As the rest of the editors focus in on minor details separating different white looks for the Bruins, the black, gold-striped goalkeeper jersey sets UCLA men’s soccer far above the rest of the crowd and highlights a need for an alternative color combination.
The Bruins are no strangers to the tops of uniform lists. UCLA ranks No. 2 in Sports Illustrated’s top 10 uniforms in college basketball, and they come in at No. 21 for college football top 25 team uniforms according to NBC Sports Washington.
The Bruins’ biggest program – men’s basketball – stuck to the cliche centennial look and UCLA’s second-biggest program, football, did nothing more than adding the same centennial patch to already-vintage uniforms.
While the traditional blue, gold and white looks good on any Bruin, perhaps it’s time for UCLA to expand its color palette.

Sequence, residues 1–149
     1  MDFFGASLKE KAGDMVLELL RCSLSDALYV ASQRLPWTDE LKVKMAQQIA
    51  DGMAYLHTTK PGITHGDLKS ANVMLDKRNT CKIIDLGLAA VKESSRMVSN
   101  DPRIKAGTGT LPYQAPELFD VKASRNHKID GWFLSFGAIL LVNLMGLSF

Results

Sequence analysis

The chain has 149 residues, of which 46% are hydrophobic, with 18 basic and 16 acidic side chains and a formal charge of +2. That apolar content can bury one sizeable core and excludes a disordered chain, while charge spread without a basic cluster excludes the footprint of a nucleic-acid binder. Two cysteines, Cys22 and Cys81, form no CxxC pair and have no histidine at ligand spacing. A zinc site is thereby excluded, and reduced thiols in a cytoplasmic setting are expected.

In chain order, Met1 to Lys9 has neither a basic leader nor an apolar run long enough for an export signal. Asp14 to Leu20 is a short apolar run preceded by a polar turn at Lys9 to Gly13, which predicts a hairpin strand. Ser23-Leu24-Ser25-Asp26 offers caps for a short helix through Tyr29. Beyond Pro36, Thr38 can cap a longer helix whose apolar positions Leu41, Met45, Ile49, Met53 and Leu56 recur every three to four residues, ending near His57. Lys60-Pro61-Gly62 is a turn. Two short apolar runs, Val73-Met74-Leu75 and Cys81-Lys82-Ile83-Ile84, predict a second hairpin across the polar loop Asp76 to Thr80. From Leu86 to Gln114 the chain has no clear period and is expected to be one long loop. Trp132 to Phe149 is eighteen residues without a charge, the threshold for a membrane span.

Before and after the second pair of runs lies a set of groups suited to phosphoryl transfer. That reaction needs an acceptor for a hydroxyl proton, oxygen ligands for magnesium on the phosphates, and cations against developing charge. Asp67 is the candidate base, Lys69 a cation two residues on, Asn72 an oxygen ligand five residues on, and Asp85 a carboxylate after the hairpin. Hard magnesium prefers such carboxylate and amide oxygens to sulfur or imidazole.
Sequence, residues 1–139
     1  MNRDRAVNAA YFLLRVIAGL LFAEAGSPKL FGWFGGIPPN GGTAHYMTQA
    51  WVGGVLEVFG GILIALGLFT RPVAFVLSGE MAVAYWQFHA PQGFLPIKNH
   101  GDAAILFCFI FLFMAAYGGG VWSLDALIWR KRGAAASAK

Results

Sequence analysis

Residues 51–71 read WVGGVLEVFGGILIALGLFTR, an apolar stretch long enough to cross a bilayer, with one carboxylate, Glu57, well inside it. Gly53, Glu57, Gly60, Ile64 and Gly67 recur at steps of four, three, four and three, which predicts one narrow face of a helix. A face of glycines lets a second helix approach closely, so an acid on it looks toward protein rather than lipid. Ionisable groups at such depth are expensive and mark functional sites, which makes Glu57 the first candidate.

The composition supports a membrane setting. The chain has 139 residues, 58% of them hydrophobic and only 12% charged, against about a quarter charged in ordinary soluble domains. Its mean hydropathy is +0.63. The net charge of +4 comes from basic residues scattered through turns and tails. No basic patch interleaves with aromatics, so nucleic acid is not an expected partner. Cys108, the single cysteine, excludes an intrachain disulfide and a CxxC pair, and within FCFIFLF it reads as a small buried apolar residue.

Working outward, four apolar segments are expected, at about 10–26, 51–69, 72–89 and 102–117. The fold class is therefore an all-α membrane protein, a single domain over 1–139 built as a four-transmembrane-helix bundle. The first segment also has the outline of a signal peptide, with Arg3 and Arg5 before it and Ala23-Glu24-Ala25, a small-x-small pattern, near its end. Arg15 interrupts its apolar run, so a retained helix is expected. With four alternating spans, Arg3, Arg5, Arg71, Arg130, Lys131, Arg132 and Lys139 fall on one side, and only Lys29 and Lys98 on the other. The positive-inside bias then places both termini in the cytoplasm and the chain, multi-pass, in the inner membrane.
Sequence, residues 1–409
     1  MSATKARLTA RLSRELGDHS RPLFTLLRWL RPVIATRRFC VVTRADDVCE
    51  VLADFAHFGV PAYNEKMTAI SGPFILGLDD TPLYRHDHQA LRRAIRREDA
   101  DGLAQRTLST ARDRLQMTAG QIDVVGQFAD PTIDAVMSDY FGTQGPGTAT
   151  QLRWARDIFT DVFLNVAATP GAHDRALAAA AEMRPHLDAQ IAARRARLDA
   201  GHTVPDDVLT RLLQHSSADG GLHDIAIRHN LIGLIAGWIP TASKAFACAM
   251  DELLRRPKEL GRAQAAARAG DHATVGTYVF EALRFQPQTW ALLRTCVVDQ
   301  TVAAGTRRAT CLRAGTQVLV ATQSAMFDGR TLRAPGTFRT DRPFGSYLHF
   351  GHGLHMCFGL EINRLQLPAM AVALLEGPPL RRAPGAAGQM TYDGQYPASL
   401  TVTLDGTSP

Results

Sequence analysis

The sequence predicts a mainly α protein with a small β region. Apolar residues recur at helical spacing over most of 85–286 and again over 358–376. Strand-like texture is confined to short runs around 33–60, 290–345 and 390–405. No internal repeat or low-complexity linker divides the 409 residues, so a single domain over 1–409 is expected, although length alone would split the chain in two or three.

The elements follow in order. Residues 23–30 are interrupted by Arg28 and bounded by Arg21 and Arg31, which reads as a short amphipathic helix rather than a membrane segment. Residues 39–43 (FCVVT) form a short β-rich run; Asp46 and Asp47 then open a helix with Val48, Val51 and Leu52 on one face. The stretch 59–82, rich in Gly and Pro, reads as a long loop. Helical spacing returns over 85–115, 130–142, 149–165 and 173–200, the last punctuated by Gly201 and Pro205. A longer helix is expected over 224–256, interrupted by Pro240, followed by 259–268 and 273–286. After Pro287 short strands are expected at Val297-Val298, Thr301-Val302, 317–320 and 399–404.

The Bruins have produced black, navy blue and all-white uniforms in the past but rarely seem to put them on for game day. In the case of the goalkeeper uniform, the traditional blue-and-gold gradient color scheme pops on a black background and not only gets the UCLA theme across but does so in a unique, eye-catching manner.
And with the department facing a deficit for the first time in 15 years, UCLA Athletics could use a new instrument to bring attention, aesthetic and life to all of its athletic programs — not just to soccer.
The men’s soccer team may have rolled the dice on a black uniform, but it paid off.
It is time for other sports to take a chance to incorporate bold, contrasting colors in their uniforms to broaden the reach and appeal of athletics at UCLA.